Chapel of St John the Divine, Champaign- - John 10:1-10 When I was growing up, I used to enjoy occasionally watching a TV show called  Wild Kingdom.  Many of you probably remember it.  Wild Kingdom  was a nature show, letting us take a peek at animals as they actually behave in the wild. Of course, nowadays, you can get that sort of thing 24 hours a day, on demand. The style is different now—more fast-paced, and, it seems, more “produced,” almost scripted. But one thing remains the same, and that is the life-or-death contest between predators and their prey. If lions don’t catch wildebeests on the Serengeti, the lions will starve to death. So, virtually their entire attention during their waking hours is devoted to catching and killing and eating wildebeests. It’s their most basic instinct; their survival depends on it, so it’s job number one. If they weren’t consistently successful at that job, there would be no lions for us to watch on television. However, the wildebeests ha


A day of household chores and errands, a long walk, and a substantive bit of email processing. After supper Brenda and I boarded the YFNBmobile and pointed it eastward, ending up at the Hampton Inn in Urbana ahead of tomorrow's visitation to the Chapel of St John the Divine.


Abbreviated (i.e. 45 minutes) treadmill workout to begin the day. Task planning over breakfast. Morning Prayer at home. Accompanied Brenda on a visit to one of her healthcare providers. Conferred with the Archdeacon on an ongoing pastoral/administrative matter. Responded, by way of pastoral care, to an email message from a lay communicant in the diocese. Briefly attended to a technical matter relating to the ongoing effort to get teaching videos edited and posted. Lunch at China One, eaten at home. Spent an inordinate chunk of time getting sucked into a technology black hole. The new database system will be a tremendous asset once we master the learning curve and solve some pesky technical issues and adjust some workflow logistics among the staff. In the meantime, it is a voracious morale-sapper. Having failed in my attempt to use the new system to do this, I resorted to old-fashioned email and an Excel spreadsheet to contact all Rectors, Vicars, Priests-in-Charge, and Pastor

Thursday (St Monnica)

Extended treadmill workout to begin the day. Short-form MP in the car on the way to the office. Attended the 10am semi-annual meeting of the diocesan trustees, who are collectively responsible for overseeing our invested funds. Our investment manager from St Louis made the trip up. This lasted about 90 minutes. Conferred briefly with one of the co-chairs of the Mission Department (who happens to also be a trustee). Conferred substantively with the diocesan Treasurer. Spoke by phone briefly but substantively with a priest of the diocese. This took me right up to noon. Lunch at home. Leftovers. Spent a chunk of quality time with commentaries on Matthew's gospel, specifically the last few verses thereof, in preparation for preaching on Trinity Sunday (at Trinity, Mt Vernon). Attended briefly to some details pertaining to the meeting of the Nashotah Board of Directors later this month. Performed surgery on the text of an old homily for Easter V in preparation for repurposing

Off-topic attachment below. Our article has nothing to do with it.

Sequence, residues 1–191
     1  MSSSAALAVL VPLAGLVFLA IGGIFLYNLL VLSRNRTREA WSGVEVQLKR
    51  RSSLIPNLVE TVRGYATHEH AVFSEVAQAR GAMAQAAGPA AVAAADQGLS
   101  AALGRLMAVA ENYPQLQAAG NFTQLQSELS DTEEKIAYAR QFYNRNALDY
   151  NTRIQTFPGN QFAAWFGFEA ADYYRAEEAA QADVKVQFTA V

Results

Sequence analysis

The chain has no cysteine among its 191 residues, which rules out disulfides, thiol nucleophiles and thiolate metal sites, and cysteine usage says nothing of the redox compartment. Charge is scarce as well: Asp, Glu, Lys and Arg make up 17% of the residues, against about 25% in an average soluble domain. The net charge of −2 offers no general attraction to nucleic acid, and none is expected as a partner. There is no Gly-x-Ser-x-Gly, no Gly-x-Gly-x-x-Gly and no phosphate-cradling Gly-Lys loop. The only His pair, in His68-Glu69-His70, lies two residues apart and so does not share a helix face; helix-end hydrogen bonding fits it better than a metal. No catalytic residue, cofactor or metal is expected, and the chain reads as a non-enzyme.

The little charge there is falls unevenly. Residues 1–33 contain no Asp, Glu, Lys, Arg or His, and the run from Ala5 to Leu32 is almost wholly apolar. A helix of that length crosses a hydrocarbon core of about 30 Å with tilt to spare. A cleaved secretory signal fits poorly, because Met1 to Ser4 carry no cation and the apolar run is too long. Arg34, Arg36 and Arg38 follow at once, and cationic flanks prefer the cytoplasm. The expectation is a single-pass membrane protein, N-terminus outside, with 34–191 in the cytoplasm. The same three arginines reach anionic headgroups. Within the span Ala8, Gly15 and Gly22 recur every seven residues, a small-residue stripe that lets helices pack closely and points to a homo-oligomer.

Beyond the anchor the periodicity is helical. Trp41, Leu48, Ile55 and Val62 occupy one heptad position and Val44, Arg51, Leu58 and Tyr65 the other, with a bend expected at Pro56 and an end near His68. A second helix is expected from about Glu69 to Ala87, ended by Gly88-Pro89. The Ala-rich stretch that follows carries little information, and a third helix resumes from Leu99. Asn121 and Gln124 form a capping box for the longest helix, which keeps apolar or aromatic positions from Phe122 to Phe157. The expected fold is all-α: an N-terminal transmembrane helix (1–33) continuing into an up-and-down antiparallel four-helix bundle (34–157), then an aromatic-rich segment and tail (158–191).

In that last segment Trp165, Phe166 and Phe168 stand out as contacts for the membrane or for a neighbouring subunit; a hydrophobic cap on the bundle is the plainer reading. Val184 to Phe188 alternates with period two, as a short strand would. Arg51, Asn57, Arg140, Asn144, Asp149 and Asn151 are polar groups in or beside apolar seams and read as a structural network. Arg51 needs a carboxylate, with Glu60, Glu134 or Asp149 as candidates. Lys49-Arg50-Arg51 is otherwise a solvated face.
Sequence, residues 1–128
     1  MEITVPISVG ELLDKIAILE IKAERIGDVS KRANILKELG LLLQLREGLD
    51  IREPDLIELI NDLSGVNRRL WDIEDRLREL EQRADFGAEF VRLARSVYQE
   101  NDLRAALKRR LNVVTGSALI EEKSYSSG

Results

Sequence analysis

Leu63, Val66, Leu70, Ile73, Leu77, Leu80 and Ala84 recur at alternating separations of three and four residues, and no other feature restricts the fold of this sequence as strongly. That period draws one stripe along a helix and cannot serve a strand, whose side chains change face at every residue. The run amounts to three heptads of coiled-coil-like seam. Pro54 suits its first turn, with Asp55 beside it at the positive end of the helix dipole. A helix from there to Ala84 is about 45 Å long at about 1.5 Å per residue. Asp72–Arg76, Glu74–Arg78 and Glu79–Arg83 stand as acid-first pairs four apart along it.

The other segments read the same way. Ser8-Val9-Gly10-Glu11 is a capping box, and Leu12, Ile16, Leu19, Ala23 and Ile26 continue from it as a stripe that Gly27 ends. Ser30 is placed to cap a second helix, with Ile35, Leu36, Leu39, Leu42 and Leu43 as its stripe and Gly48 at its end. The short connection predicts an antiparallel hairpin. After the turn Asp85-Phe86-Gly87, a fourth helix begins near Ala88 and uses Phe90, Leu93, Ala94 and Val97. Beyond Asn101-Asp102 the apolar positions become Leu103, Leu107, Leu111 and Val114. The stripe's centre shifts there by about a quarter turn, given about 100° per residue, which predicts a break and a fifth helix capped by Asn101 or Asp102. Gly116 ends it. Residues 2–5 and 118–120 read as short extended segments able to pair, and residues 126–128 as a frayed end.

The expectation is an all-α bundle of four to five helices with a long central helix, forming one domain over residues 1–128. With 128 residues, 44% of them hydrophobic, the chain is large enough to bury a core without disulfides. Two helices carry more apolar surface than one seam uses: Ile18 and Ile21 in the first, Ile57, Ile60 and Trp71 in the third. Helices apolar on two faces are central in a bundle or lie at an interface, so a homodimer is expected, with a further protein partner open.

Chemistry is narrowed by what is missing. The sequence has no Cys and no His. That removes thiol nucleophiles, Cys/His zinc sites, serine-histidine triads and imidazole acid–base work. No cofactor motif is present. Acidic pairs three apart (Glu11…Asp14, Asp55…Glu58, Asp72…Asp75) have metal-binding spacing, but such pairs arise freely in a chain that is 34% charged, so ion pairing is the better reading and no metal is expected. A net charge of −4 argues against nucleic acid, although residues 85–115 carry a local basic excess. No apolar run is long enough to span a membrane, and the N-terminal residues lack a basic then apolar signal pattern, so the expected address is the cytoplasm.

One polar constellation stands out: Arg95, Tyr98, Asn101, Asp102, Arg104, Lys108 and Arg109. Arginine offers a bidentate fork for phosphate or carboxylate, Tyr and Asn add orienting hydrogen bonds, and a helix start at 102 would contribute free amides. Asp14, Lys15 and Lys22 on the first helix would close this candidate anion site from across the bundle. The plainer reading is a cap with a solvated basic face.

Weekly and daily task prep at home. Morning Prayer at home. Drove Susan, my visiting sister-in-law, to the airport. In the office just before 10:00. Consulted with the Archdeacon over an ongoing pesky administrative/pastoral matter. Spent the rest of the morning polishing, formatting, and printing the working script of this Sunday's homily (St John the Divine, Champaign). Lunch from McD's, eaten at home. Accompanied Brenda to a healthcare appointment. Back in the office around 2:30. Dealt with a request for consent to the election of a diocesan bishop. These things are often a routine rubber-stamp Yes, but in this case I withheld consent (not that it will make any difference). My decision had nothing to do with the individual in question, but because this election is the ongoing fruit of years-ago failure to follow canonical due process in that diocese. Conferred with the Administrator over a matter that is ... well, *administrative* in nature. Followed up with a substa

Tuesday (St Athanasius)

Per the plan, woke up in suburban Cincinnati, worked (pretty intensely) with the Forward Movement board until around 12:15pm (eastern), then got back behind the wheel of the YFNBmobile and pointed it toward home. Had a planned substantive conversation with the Dean of Nashotah House while en route. Arrived home at 4:50pm (central).

Ss Philip & James

Left home around 9:00 and arrived in Cincinnati for the Forward Movement board meeting about 3:30pm EDT, about two hours late, so ... not bad. This is only a 24 hour meeting time frame, so work was compressed. After dinner, we had an evening working session.